If it weren't for the Zero Lower Bound on nominal interest rates, there would be no macroeconomic role for fiscal policy in New Keynesian models. Monetary policy alone could and therefore should be used to hit the macroeconomic target, because this leaves fiscal policy free to try to hit its many microeconomic targets as best it can. (There are perfectly good microeconomic reasons why fiscal policy should be countercyclical, but that's another story.)
But if a big drop in demand causes the natural rate of interest to fall too low, relative to the inflation target, the ZLB maybe be a binding constraint on monetary policy in New Keynesian models, because the central bank cannot drop the actual real rate of interest down to the natural rate. So you might want a countercyclical fiscal policy, that raises the natural rate when private demand is low and the natural rate is low, and lowers the natural rate when private demand is high and the natural rate is high, to keep the economy away from the ZLB. Let's assume you do.
What would you need to do to government spending in a New Keynesian model to raise or lower the natural rate of interest, and to mitigate those fluctuations in the natural rate? The answer is not what you probably think it is.
In New Keynesian models, with a New Keynesian IS curve, the natural rate of interest is a negative function of the rate of change of government spending. That's because the rate of change of private consumption (and investment) spending is a positive function of the rate of interest. That's what the consumption-Euler equation says.
(The natural rate of interest r* is the rate of interest that equilibrates saving and investment at the natural ("potential") level of output Y*. Since C+I+G=Y, and with Y at Y*, G rising over time means C+I falling over time, which means a lower level of r*.)
Draw a nice neat sine wave to illustrate what the natural rate of interest would look like over time in the absence of countercyclical fiscal policy. The hills are booms, when private demand is high and the natural rate is high. The valleys are recessions, when private demand is low and the natural rate is low.
Suppose we want a countercyclical fiscal policy to help smooth out those fluctuations in the natural rate, to help prevent us hitting the ZLB. What would countercyclical fiscal policy look like, in the same picture?
In an Old Keynesian model, we would draw a sine wave for the level of government spending, that was the exact mirror-image of the original sine wave. G would be high when private demand is low, and G would be low when private demand is high. Anyone who has taught basic macro has probably drawn that picture, and talked about the two waves cancelling out, and then gone on to talk about problems with lags etc.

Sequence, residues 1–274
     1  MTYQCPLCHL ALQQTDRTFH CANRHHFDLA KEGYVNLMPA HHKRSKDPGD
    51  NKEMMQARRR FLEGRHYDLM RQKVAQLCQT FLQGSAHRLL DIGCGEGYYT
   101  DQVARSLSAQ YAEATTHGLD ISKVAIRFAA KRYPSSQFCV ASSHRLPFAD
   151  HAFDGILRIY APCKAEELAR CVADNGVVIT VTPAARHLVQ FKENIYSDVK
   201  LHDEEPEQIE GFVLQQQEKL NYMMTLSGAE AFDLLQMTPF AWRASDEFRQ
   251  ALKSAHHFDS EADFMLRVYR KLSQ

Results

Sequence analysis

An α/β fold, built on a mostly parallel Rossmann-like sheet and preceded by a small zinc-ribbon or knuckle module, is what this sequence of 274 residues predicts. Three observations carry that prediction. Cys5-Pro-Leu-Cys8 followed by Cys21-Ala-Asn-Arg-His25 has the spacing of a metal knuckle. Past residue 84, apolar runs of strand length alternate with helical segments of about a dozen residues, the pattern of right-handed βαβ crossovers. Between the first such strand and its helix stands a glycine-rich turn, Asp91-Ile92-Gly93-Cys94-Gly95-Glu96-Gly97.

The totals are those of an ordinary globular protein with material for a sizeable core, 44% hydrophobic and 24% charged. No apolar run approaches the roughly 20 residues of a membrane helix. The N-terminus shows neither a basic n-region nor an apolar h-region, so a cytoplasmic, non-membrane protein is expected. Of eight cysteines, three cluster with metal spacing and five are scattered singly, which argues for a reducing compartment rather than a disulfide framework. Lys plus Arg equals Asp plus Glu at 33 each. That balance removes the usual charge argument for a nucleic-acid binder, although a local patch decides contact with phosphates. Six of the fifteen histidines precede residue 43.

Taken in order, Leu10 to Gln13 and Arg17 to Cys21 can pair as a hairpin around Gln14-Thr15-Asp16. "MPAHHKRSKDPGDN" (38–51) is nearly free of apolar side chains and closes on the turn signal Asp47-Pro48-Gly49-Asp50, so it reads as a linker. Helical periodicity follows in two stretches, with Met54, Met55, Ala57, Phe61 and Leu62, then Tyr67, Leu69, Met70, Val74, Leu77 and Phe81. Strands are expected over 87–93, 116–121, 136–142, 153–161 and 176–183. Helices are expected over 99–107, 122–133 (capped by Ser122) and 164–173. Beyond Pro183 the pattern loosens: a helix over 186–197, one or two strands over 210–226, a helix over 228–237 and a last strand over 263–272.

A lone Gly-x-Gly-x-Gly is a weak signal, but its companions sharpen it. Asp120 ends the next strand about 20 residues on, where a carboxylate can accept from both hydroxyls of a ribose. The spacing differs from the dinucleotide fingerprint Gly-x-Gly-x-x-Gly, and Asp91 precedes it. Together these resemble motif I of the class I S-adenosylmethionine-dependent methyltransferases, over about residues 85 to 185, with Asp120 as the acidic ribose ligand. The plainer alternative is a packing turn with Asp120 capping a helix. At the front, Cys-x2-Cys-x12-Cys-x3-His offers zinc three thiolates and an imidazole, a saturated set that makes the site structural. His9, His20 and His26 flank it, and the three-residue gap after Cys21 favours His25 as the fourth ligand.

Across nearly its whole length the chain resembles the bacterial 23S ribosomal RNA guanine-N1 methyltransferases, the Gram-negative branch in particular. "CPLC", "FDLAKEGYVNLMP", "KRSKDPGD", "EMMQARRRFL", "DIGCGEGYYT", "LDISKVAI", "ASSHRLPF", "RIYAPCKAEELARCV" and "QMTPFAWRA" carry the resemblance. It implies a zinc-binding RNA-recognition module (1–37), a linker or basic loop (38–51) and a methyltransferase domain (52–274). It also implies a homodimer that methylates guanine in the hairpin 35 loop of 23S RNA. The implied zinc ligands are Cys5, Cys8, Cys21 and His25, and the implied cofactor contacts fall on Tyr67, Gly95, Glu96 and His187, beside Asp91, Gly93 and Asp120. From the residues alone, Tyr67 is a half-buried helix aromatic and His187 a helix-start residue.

In a New Keynesian model, we would draw a sine wave for the rate of change of government spending, that was exactly in-phase with the original sine wave. The rate of change of G would be low when private demand is low, and the rate of change of G would be high when private demand is high. I bet nobody has ever drawn that picture for their students.
If we use calculus and integrate that New Keynesian picture over time, we can figure out what the New Keynesian picture looks like for the level of G. G would be at a peak at exactly that point between the end of one boom and the beginning of the next recession. And G would be at a trough at exactly that point between the end of one recession and the beginning of the next boom. G would be rising most steeply at the peak of the boom, and falling most steeply at the trough of the recession. The sine-wave for the level of G would be exactly a quarter period out of phase with the original sine wave. I bet nobody has ever drawn that picture for their students either.
Now suppose you had fiscal policy run by a bunch of nutters, who didn't understand macroeconomics at all. The nutters think that booms are a good time to be increasing government spending, "because we can afford it"; and recessions would be a good time to be decreasing government spending, "because we can't afford it". What would it look like? Might it look a lot like optimal New Keynesian fiscal policy?
Just who are you calling "Austerians" now?
(I made this point before, in an old post I now can't find [update: J.V. Dubois found it, thanks]; but I have made it much clearer this time.)